Seeds of Reform: A Timeline

How does a nation work towards supplying more citizens with higher-quality health coverage on a smaller tab?  By moving away from a delivery model that rewards volume (e.g., more care “transactions”), and towards one that rewards value.

While the recent Affordable Care Act has lit a fire beneath us as a nation, the seeds of change actually have been sown for some time now. Below, we walk you though some of the biggest milestones paving the way for reform.

seeds of reform

1999

Health policy pioneers, including Lucian Leape, M.D. and Don Berwick, M.D., publish the Institute of Medicine’s landmark report “To Err Is Human: Building a Safer Health System.” The report reveals a staggering statistic: Up to 98,000 people die annually due to medical errors.

2000

A consortium of large employers – The Leapfrog Group – is born, as business leaders begin discussing how they can work together to influence health care quality and affordability (previously, employers spent billions of dollars on their employees’ health care with no good means of assessing its quality or comparing providers).

2001

The Institute of Medicine publishes its next landmark report, “Crossing the Quality Chasm,” outlining how care can better be coordinated to achieve better outcomes.

2002

The Joint Commission establishes its first annual National Patient Safety Goals for improving the safety of patient care in health care organizations, to take effect in 2003.

2003

Per Congressional mandate, the Agency for Healthcare Research and Quality (AHRQ) releases the National Healthcare Quality Report and the National Healthcare Disparities Report. Together, the reports pack broad sets of performance measures, documenting the nation's progress toward improving the quality of care for all Americans.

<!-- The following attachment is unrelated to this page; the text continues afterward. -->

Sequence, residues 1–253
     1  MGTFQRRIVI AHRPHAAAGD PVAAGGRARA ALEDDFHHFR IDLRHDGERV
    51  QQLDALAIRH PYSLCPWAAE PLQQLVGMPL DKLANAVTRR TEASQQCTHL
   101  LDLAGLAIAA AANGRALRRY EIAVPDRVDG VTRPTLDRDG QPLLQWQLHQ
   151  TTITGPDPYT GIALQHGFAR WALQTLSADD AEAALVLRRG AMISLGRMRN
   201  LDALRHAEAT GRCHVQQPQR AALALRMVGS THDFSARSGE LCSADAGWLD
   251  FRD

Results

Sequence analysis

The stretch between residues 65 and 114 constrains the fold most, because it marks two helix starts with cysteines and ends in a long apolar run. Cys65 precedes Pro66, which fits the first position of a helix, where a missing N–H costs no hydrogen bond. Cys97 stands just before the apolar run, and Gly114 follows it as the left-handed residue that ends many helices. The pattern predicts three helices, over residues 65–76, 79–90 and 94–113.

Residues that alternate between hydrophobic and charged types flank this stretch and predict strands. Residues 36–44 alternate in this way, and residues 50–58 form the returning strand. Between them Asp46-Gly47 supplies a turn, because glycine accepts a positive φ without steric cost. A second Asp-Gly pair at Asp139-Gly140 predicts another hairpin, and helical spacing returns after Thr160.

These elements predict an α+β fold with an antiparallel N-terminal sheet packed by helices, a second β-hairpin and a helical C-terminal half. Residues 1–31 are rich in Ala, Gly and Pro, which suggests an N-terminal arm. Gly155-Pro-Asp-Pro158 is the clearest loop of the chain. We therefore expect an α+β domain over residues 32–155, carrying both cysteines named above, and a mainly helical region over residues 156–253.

2005

The Hospital Compare website (www.hospitalcompare.hhs.gov) debuts, helping consumers explore how well their local hospitals care for patients. The tool – at first only cataloging seventeen processes of care quality measures in three clinical conditions – continues to expand (e.g., in 2008, it published “patient satisfaction measures”), painting an ever-more-detailed picture of care quality. Patients as customers, in turn, can better vote with their feet.

2000 to present

Media continues to turn public health threats into major ratings, featuring sensational exposes on medical errors and safety shortcomings.

2011

Health and Human Services (HHS) Secretary Kathleen Sebelius announces the “Partnership for Patients,” a new national effort to save 60,000 lives over the next three years by stopping millions of preventable injuries and complications in patient care. To commence the initiative, HHS says it will invest up to $1 billion in federal funding toward reforms that help prevent both hospital-acquired conditions and needless readmissions. Over the next ten years, HHS estimates that the Partnership for Patients could reduce costs to Medicare by about $50 billion, and result in billions more in Medicaid savings.

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